The Congress of Verona, which met on 20 October 1822, was part of the series of international conferences or congresses, opening with the Congress of Vienna in 1814–15, that marked the effective breakdown of the "Concert of Europe".

In 1866, following the Third Italian War of Independence, Verona, along with the rest of Venetia, became part of United Italy.

The Arche scaligere, tombs of the ancient lords of Verona Arche scaligere (Verona).jpg
The Arche scaligere, tombs of the ancient lords of Verona

The advent of fascism added another dark chapter to the annals of Verona. As throughout Italy, the Jewish population was hit by the Manifesto of Race, a series of anti-Semitic laws passed in 1938, and after the invasion by Nazi Germany in 1943, deportations to Nazi concentration camps. An Austrian Fort (now a church, the Santuario della Madonna di Lourdes), was used to incarcerate and torture Allied troops, Jews and anti-fascists, especially after 1943, when Verona became part of the Italian Social Republic.

As in Austrian times, Verona became of great strategic importance to the regime. Galeazzo Ciano, Benito Mussolini's son-in-law, was accused of plotting against the republic; in a show trial staged in January 1944 by the Nazi and fascist hierarchy at Castelvecchio (the Verona trial), Ciano was executed on the banks of the Adige with many other officers on what is today Via Colombo. This marked another turning point in the escalation of violence that would only end with the final liberation by allied troops and partisans in 1945.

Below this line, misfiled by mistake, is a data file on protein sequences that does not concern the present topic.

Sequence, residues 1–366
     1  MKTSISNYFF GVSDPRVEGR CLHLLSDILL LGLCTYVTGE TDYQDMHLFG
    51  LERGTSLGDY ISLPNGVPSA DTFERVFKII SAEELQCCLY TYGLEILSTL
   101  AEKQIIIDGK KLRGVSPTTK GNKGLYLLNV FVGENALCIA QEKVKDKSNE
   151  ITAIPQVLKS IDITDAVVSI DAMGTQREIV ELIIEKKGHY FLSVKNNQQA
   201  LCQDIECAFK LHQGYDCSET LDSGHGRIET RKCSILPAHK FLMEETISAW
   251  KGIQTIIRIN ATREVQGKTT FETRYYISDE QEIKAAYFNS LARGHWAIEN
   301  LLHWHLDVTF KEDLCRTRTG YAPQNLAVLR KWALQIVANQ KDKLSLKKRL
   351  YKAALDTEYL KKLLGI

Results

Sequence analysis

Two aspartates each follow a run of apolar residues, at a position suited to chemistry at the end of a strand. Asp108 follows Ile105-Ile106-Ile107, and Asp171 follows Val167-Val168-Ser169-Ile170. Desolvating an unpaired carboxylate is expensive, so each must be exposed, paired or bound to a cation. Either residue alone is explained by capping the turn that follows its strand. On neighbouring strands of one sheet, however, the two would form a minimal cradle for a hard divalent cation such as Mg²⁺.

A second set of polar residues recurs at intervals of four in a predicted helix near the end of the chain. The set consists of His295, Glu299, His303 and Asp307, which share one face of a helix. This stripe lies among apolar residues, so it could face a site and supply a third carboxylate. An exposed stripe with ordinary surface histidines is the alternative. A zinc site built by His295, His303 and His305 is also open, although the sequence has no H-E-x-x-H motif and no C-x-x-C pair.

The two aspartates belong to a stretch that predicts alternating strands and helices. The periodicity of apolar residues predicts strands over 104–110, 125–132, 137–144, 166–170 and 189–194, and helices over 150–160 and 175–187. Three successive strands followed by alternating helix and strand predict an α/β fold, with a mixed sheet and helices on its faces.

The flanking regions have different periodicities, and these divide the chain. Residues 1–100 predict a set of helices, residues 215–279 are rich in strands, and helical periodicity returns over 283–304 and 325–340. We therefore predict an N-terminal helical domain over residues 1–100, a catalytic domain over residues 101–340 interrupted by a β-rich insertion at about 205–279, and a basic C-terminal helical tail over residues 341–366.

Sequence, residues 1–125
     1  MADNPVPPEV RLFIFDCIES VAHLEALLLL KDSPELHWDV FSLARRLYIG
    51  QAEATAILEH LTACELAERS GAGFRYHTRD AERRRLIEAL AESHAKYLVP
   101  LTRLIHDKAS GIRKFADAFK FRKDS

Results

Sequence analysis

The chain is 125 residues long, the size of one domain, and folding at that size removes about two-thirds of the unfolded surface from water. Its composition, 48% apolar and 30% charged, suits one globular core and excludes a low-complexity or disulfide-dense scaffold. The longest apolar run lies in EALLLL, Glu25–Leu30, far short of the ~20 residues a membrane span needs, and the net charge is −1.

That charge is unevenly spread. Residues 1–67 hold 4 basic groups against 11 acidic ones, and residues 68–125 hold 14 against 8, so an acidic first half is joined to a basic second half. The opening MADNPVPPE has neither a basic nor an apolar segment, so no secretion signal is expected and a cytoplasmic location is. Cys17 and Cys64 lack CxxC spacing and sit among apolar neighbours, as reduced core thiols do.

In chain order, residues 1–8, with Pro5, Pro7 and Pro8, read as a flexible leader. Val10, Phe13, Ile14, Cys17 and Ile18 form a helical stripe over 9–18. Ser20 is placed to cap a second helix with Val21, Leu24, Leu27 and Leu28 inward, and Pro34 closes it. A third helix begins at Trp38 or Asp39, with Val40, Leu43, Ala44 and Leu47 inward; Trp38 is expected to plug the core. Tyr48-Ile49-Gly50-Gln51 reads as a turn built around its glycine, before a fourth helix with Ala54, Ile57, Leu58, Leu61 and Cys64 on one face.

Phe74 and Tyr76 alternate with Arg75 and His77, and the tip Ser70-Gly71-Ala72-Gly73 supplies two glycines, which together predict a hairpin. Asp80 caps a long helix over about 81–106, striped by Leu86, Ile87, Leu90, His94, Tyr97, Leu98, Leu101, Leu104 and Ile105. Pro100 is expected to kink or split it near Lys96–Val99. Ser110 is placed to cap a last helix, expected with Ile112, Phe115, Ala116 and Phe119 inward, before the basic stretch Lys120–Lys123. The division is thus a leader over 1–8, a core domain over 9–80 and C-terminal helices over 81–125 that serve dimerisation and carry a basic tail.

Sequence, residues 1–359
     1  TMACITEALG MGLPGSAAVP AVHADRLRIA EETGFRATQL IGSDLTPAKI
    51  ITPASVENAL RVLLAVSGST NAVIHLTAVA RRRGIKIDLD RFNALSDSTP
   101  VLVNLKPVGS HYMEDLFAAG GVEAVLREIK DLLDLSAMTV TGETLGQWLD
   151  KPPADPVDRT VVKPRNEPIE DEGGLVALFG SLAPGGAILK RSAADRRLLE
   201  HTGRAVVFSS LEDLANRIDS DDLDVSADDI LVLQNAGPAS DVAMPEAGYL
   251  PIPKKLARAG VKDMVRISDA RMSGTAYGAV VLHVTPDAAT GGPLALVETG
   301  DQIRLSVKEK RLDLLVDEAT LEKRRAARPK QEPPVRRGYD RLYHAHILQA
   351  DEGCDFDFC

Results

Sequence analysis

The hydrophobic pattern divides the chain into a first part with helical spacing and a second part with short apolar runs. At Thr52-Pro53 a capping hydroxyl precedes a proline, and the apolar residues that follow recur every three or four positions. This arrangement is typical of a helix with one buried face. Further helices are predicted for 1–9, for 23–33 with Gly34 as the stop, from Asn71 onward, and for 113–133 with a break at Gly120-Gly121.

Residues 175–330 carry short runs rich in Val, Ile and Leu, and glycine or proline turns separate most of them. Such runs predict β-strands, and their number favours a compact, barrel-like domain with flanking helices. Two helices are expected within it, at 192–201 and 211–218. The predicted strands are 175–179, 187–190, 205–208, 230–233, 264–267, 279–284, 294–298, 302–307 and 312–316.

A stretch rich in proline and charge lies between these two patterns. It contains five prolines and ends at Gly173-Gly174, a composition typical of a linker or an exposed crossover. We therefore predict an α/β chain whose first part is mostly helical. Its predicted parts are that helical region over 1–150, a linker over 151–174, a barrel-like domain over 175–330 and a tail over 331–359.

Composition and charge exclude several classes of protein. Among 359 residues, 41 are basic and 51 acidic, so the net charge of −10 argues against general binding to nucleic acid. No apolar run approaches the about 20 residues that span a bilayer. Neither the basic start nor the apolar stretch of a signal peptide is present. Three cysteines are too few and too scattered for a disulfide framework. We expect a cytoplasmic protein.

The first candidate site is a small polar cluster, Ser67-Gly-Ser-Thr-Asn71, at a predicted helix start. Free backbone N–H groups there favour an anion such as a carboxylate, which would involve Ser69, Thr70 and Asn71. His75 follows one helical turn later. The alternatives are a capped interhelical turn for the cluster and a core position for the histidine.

After World War II, as Italy entered into NATO, Verona once again acquired its strategic importance, due to its closeness to the Iron Curtain. The city became the seat of SETAF (South European Allied Terrestrial Forces) and had during the whole duration of the Cold War period a strong military presence, especially American, which is decreasing only in these recent years. Now Verona is an important and dynamic city, very active in terms of economy, and also a very important tourist attraction thanks to its history, where the Roman past lives side by side with the Middle Age Verona, which in some senses brings about its architectural and artistic motifs.

Geography

Climate

Verona has a humid subtropical climate characteristic of Northern Italy's inland plains, with hot summers and cold, humid winters, even though Lake Garda has a partial influence on the city. [6] The relative humidity is high throughout the year, especially in winter when it causes fog, mainly from dusk until late morning, although the phenomenon has become less and less frequent in recent years.

Climate data for Verona (1971–2000, extremes 1946–present)
MonthJanFebMarAprMayJunJulAugSepOctNovDecYear
Record high °C (°F)19.8
(67.6)
22.1
(71.8)
27.2
(81.0)
31.8
(89.2)
36.6
(97.9)
38
(100)
38.2
(100.8)
39.0
(102.2)
33.2
(91.8)
29.2
(84.6)
23.6
(74.5)
18.8
(65.8)
39.0
(102.2)
Average high °C (°F)6.1